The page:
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Geology is the Way


Skarns are silicate rocks produced by the interaction between the hot hydrothermal fluids released by crystallizing magma with carbonate rocks – a process known as metasomatism. The metasomatic fluids emanating from a magmatic system, commonly enriched in Si, Fe, and Mn and with temperatures between 400 and 900 °C, react with Ca and/or Mg-bearing carbonate rocks, causing decarbonation of carbonate minerals (hence the release of CO2) and producing a wide range of Ca-Mg-Fe-Mn silicates and in some cases even alkali feldspar and feldspathoids. These silicate parageneses can form at the expense of carbonate rocks – and in this case are termed exoskarns – or the magmatic rocks themselves (endoskarns), since Ca and Mg can also migrate from the parent carbonate rocks into igneous or silicate-rich rocks nearby. Skarns can occur at the contact between carbonate and silicate rocks (contact skarns) or as veins or dikes crosscutting the carbonate rocks (vein skarns). Skarns are commonly associated with sulphide ore bodies containing Fe, Cu, Ag, Au, Mo, and W, among other commercially valuable elements (B, Be, rare earth elements). Indeed, the term ‘skarn‘ is an old Swedish mining term that was used to describe the sterile ‘wasterock’ associated with such deposits.

According to their composition, skarns can also be distinguished into magnesian skarns, produced by alteration of Mg-rich dolomites and in turn containing several Mg-bearing silicates, and calc-skarns, formed by metasomatism of Ca-rich carbonate rocks and rich in calcsilicates. Typical assemblages of magnesian skarns include Mg-rich olivine (forsterite), diopside, magnesian spinel, periclase, clinohumite, phlogopite, and pargasite, as well of several other minerals like enstatite or fassaitic pyroxene, monticellite, åkermanite, and merwinite. Calc-skarns are typically characterized by ugrandite garnet, Fe-rich or Mn-rich ortho- and clinopyroxenes (hedenbergite, ferrosalite, johannsenite), wollastonite and/or other pyroxenoids, in addition to other minerals that may form under specific conditions (e.g. epidote, vesuvianite, ilvaite, rhodonite, bustamite…). Skarns may also contain carbonate minerals like magnesite, dolomite, and calcite, alkali feldspars (e.g. adularia), scapolite, and quartz. Furthermore, high-temperature skarns can easily be replaced by a wide range of late hydrothermal minerals such as chlorite, serpentine, tremolite-actinolite amphibole, talc, carbonates, and brucite.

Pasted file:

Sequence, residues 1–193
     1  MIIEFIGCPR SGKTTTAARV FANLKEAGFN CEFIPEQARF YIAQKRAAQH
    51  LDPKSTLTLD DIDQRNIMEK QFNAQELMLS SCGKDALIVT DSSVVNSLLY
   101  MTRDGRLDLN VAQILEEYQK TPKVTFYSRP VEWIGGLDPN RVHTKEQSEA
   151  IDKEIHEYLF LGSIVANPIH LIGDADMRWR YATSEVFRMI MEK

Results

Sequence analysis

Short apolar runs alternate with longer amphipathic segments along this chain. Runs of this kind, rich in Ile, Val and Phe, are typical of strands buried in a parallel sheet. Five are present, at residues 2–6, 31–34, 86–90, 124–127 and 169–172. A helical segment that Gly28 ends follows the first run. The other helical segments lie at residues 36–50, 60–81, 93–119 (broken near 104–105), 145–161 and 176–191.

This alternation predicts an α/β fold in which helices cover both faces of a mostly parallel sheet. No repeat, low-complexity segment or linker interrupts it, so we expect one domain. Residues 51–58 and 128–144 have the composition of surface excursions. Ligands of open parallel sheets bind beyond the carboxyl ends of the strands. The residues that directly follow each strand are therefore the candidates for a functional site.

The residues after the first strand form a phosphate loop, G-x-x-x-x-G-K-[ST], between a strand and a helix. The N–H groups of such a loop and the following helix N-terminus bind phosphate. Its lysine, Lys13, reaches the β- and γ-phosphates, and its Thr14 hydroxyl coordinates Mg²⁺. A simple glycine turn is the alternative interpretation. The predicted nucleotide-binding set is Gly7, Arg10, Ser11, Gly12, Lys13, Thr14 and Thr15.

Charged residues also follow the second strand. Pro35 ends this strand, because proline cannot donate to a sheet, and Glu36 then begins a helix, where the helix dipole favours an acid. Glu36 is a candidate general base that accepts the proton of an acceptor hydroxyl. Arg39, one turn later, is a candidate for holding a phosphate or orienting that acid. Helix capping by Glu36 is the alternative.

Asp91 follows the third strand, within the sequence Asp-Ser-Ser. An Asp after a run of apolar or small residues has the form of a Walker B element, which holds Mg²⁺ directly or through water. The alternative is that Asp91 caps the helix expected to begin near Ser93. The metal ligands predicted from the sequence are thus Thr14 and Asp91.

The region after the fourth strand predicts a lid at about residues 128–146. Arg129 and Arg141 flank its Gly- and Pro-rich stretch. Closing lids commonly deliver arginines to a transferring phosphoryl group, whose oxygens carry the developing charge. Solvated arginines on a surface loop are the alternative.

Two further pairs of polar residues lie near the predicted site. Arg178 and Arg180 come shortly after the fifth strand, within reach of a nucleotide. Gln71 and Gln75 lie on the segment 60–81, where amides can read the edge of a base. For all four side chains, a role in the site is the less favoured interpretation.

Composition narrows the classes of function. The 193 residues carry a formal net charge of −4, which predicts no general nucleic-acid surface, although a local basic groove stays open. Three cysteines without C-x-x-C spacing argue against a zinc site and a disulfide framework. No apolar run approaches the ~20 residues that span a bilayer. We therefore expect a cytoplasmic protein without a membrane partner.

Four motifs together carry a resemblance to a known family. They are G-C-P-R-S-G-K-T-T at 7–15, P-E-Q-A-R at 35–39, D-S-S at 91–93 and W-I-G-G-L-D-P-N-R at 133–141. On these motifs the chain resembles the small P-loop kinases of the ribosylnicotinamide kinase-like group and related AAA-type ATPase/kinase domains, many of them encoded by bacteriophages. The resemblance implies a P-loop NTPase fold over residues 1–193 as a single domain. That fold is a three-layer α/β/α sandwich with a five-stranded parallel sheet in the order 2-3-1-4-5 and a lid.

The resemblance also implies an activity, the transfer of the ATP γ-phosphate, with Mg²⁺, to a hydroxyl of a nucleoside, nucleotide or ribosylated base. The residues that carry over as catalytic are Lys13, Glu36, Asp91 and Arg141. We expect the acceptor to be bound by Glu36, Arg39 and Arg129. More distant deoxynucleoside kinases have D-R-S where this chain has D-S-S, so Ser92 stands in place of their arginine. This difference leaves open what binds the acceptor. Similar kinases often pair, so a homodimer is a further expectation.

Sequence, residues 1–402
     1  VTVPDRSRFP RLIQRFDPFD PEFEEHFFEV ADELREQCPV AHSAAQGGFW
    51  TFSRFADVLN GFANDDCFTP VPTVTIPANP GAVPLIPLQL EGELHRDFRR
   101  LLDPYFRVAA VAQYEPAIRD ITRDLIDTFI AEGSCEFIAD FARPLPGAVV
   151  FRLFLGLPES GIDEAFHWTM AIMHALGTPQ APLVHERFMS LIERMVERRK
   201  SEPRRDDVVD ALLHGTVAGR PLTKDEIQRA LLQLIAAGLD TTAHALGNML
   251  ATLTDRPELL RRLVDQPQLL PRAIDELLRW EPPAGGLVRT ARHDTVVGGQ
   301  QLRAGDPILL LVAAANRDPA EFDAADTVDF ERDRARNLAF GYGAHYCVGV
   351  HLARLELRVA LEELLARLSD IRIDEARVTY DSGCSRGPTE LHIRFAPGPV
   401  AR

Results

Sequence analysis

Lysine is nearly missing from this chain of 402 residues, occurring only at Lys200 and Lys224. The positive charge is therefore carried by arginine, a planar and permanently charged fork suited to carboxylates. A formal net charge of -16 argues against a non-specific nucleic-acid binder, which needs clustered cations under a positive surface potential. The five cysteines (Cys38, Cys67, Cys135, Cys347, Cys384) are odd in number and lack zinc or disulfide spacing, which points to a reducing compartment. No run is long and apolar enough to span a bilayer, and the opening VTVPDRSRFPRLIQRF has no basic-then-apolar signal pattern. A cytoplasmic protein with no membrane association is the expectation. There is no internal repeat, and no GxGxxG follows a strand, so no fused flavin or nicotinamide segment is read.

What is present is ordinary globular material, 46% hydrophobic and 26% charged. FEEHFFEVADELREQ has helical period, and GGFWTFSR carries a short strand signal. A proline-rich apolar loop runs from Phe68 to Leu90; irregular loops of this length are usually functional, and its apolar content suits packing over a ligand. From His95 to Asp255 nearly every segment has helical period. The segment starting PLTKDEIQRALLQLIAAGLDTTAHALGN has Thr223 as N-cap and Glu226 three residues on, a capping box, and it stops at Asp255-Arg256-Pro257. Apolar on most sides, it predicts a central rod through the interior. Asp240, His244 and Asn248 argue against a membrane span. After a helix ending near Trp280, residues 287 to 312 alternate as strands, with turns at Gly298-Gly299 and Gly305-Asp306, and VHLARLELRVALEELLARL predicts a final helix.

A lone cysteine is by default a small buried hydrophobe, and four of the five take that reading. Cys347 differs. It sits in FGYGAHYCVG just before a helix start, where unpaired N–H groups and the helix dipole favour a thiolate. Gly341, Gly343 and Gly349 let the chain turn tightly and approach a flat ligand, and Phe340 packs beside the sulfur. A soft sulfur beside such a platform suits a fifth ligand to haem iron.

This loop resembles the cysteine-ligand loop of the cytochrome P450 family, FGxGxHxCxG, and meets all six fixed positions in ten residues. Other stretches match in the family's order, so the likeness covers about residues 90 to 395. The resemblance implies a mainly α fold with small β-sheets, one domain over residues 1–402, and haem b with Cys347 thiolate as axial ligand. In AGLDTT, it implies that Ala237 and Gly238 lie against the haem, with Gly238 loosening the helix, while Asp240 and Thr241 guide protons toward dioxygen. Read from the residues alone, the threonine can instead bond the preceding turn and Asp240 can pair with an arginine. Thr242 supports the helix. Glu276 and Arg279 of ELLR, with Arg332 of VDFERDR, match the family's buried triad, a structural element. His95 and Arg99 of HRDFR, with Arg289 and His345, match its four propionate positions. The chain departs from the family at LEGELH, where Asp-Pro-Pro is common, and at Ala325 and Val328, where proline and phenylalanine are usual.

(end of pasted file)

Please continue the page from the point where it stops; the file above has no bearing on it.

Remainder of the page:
hedenbergite ilvaite skarn
Hedenbergite (golden green) and ilvaite (black) in a skarn from Punta Rossa, Calamita, Island of Elba, Italy. Photo © Samuele Papeschi/GW.

Metasomatic rock
Mineral assemblage:
magnesian skarn: • forsterite • diopside • spinel • periclase • clinohumite • phlogopite • pargasite
calc-skarn: • ugrandite garnet • hedenbergite • johannsenite • wollastonite or Mn-rich pyroxenoids • ilvaite • epidote

• endoskarn: produced by metasomatism of magmatic or other silicate rocks
• exoskarn: produced by metasomatism of carbonate rocks

skarn sketch
Scheme illustrating the relationships between skarns, igneous, and carbonate rocks. Graphics & concept: GW.

The presence of all these different minerals is governed not only by the pressure and temperature of skarn formation, but also by the activity of chemical elements and the composition of the metasomatizing fluid, the distance from the (parent) igneous rocks, and the composition of the rocks involved. All these variables produces and extensive zoning in skarn minerals and typically many different mineral parageneses, some formed at higher temperature and closer to the parent magma (high temperature skarns), others forming in the distal parts or overgrowing high-temperature skarns during cooling of the system (low-temperature skarns). To summarize, most skarns on Earth are governed by several local factors and their origin as well as the conditions of their formation are unique to each specific study case.

Field images and skarn samples

grossular calcite augite skarn
Skarn with red grossular, blue calcite and green augite crystals. Width: 6 cm. Monzoni range, Northern Italy. Photo © Siim Sepp.
Hedenbergite skarn
Radiating aggregates of hedenbergite (green) associated with brownish (altered) pockets containing ilvaite (black) and oxydized sulphides. The pistachio-green layers are rich in epidote. Torre di Rio Marina, Island of Elba, Italy.
hedenbergite ilvaite skarn
Altered hedenbergite-ilvaite skarn with whitish hedenbergite crystals and brownish ilvaite-sulphide-rich layers. Cape Calamita Mine, Island of Elba, Italy.
arsenopyrite mineralization
Disseminated arsenopyrite mineralization in chloritized skarn. Cape Calamita Mine, Capoliveri, Island of Elba, Italy.


Wollastonite skarn (Norsi, Elba, Italy)
Calc-skarn containing fibrous aggregates of wollastonite surrounded by recrystallized calcite (originally a limestone). Wollastonite grew because silica was supplied by external fluids and calcium by the decarbonation of carbonate minerals. [BLOG POST]

Calcsilicates overgrowing limestone, formed at the limestone/shale contact, which was infiltrated by super-hot hydrothermal fluids.

Limestone lens replaced by calcsilicates. The wollastonite skarn formed in the core, where only Ca and Si are available. The rims contain greenish Fe-Mg-Ca silicates (emphibole, epidote, chlorite, hydrogrossular) produced by elements released by the carbonate and the surrounding shales.

wollastonite skarn
Radiating aggregates of wollastonite (brown) in a metasomatized limestone (skarn) from Norsi, Island of Elba, Italy.



Metamorphic Minerals
Metamorphic Structures
Metamorphic Rocks


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